COPENHAGEN, Denmark -- Officials in Denmark are puzzled by four small tremors that were recorded this week off a northeastern Danish island in the Kattegat sea.
The Geological Survey of Denmark and Greenland (GEUS) said it had detected the tremors on Tuesday and Wednesday, adding that each time there were two tremors approximately 30 seconds apart.
The shakes were recorded in international waters off the Danish island of Laesoe. They were measured between 0.7 and 0.9 on the Richter scale, and occurred at 10.41 a.m. and 03.26 a.m., respectively, GEUS said.
The seismological agency said in a statement Thursday believe they were "natural earthquakes.”
“However, the tremors are very small, and since the signal is so weak, after further analysis, GEUS cannot determine with certainty what is causing the seismic signals.”
The agency said the tremors have been detected in areas where there is no Danish critical infrastructure, and that the authorities were closely following the situation in the waters in and around Denmark.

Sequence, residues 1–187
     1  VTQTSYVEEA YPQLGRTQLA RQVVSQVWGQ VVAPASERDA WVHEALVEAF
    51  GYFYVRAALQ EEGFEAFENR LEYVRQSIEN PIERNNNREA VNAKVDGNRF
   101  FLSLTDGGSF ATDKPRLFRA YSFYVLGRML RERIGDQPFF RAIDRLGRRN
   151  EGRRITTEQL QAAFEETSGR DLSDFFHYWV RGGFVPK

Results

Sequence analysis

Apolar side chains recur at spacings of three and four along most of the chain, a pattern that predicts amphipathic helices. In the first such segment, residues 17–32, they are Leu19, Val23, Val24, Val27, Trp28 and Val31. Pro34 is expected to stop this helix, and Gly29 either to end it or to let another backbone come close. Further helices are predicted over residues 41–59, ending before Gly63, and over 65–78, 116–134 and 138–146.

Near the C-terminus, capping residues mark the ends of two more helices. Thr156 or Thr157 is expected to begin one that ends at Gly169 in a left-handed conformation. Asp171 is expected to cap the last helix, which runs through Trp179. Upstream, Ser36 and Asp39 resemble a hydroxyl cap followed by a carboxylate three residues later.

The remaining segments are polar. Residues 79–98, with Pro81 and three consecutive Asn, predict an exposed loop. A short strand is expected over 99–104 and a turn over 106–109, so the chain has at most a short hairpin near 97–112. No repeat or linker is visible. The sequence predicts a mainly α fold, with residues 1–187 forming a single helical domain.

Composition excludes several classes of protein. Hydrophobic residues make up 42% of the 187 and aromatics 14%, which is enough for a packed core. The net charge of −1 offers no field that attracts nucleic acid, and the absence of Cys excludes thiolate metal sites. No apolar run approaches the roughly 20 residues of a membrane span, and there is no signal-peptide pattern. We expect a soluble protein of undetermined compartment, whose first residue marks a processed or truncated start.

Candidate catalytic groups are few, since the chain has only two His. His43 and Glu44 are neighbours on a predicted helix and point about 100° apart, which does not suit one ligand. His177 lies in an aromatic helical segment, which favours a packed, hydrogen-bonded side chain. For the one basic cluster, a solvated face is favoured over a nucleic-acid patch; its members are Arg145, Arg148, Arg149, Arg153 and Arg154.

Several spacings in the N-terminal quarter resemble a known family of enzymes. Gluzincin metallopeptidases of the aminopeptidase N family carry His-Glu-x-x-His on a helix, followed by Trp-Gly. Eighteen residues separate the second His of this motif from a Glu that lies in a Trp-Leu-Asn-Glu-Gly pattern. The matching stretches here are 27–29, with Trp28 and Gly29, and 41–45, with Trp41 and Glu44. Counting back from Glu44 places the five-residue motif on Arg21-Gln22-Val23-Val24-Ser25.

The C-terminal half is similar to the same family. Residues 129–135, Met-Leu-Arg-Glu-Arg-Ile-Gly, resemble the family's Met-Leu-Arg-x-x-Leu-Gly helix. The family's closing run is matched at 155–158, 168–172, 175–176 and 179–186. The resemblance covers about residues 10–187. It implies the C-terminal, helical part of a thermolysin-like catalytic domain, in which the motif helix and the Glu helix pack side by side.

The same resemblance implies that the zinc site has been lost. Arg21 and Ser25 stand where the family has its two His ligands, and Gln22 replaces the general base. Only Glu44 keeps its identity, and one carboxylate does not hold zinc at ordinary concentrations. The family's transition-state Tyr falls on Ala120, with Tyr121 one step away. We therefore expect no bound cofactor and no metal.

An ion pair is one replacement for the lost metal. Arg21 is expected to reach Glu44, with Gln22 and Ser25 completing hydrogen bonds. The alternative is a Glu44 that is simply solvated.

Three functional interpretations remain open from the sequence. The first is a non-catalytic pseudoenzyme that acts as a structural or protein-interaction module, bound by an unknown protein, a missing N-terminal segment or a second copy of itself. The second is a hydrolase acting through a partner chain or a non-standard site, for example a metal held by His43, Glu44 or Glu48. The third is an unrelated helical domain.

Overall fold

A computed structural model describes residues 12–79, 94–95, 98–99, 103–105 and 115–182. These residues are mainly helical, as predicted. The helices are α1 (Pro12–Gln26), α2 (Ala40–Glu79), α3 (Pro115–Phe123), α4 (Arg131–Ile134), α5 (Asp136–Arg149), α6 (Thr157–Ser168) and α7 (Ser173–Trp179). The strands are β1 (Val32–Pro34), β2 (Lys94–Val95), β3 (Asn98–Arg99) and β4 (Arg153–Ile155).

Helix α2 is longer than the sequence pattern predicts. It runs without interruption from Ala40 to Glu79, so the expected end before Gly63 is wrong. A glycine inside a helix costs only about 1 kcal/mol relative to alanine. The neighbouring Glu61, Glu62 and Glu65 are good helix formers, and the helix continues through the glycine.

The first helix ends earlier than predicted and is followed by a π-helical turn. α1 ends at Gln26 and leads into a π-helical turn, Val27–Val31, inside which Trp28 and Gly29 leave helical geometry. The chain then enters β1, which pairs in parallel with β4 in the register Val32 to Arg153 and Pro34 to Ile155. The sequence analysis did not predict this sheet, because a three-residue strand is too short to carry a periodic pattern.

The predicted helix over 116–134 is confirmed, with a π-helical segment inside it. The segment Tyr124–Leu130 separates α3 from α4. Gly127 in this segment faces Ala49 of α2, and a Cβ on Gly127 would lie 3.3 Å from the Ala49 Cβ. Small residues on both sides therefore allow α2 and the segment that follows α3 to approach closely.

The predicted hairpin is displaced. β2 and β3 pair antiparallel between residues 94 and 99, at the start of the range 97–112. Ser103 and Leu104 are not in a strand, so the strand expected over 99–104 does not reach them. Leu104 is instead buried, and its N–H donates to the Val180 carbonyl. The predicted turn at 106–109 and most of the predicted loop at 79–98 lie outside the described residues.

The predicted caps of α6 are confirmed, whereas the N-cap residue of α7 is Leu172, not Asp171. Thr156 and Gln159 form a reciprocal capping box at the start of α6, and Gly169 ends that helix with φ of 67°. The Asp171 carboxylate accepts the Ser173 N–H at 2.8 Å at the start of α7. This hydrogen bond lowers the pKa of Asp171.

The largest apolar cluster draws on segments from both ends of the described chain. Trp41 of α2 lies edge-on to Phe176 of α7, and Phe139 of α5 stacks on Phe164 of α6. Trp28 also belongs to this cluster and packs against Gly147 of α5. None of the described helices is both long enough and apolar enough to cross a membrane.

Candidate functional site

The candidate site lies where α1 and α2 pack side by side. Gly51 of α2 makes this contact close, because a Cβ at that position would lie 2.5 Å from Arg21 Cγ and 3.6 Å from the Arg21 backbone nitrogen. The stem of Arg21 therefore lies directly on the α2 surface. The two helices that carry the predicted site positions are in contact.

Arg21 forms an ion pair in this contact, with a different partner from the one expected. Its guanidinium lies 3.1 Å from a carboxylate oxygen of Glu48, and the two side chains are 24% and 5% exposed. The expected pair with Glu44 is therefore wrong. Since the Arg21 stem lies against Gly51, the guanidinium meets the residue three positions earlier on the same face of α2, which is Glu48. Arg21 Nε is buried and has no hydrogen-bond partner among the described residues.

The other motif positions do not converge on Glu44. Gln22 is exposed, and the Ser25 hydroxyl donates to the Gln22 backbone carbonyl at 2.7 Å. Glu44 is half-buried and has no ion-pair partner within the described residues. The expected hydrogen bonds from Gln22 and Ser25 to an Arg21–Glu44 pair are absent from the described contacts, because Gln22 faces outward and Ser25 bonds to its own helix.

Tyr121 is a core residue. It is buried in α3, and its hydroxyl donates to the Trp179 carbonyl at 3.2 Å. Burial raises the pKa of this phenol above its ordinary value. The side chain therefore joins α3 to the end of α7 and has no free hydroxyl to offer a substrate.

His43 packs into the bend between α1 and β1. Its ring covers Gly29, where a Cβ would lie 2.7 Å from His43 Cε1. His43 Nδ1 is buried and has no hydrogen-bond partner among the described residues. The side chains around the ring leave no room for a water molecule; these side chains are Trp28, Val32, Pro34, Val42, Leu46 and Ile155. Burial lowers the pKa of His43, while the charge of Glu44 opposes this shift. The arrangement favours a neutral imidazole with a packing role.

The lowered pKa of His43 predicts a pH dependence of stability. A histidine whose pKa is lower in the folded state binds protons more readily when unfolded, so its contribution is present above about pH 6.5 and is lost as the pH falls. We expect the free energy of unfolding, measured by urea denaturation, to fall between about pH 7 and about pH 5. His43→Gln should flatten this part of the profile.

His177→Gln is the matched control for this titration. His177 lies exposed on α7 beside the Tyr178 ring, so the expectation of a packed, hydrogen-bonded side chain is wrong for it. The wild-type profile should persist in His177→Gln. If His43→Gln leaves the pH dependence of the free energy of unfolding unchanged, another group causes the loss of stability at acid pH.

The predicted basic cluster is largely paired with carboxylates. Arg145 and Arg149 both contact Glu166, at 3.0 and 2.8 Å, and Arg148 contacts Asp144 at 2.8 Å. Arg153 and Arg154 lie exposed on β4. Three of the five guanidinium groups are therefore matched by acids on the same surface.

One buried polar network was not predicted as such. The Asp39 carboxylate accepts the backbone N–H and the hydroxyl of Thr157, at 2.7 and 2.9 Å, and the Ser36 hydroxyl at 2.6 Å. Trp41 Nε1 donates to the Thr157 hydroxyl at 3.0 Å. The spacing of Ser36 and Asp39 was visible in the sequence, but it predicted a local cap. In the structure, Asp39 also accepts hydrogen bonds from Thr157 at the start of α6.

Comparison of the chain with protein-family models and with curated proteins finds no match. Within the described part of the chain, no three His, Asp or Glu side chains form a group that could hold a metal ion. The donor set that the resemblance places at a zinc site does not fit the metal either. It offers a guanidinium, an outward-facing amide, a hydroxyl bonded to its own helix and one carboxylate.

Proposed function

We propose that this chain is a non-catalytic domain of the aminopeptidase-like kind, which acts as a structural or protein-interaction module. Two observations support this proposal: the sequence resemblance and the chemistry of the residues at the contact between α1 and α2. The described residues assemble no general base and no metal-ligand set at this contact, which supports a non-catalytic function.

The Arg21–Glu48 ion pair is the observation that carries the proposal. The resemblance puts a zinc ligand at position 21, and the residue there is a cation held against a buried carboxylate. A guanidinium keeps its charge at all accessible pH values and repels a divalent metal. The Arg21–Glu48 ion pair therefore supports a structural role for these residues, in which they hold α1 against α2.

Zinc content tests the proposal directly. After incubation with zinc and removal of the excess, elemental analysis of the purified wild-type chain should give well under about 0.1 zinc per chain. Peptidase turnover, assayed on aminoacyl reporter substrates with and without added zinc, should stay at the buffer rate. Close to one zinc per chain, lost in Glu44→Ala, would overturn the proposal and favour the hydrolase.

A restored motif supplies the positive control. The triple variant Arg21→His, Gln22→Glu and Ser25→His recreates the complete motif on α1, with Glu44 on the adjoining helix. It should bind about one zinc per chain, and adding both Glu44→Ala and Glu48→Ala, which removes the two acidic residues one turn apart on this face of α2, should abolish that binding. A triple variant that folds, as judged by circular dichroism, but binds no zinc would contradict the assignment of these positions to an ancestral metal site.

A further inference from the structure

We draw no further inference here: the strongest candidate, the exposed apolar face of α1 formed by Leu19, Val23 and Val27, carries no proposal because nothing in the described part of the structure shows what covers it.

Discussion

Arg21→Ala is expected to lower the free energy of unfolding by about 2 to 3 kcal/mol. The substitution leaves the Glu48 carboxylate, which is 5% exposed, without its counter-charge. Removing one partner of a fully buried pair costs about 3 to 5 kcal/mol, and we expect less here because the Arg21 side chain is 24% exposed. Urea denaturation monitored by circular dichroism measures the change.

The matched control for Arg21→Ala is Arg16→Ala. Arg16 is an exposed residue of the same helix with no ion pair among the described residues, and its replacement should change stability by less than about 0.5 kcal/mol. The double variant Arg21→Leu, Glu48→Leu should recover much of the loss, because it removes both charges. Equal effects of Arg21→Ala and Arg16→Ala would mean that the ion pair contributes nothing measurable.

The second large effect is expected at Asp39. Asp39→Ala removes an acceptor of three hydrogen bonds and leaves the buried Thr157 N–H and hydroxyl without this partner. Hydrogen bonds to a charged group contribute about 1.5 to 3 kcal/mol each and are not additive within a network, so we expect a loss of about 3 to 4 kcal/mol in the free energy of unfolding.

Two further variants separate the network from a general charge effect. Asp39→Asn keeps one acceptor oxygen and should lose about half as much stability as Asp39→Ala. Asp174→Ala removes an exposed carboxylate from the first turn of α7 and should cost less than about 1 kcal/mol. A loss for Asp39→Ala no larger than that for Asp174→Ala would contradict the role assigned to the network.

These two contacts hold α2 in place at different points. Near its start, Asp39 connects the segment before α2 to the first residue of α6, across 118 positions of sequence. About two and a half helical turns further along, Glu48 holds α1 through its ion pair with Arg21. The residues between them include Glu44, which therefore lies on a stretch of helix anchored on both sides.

The tremors came after blasts last month damaged two Russian-built natural gas pipelines in the Baltic Sea — two leaks were reported off Sweden and two off Denmark. All were in international waters.
The governments of Denmark and Sweden previously said they suspected that several hundred pounds of explosives were involved in carrying out a deliberate act of sabotage. The leaks from the Nord Stream 1 and 2 pipelines discharged huge amounts of methane into the air.
The Kattegat is off Sweden and Denmark, at the entrance to the Baltic Sea.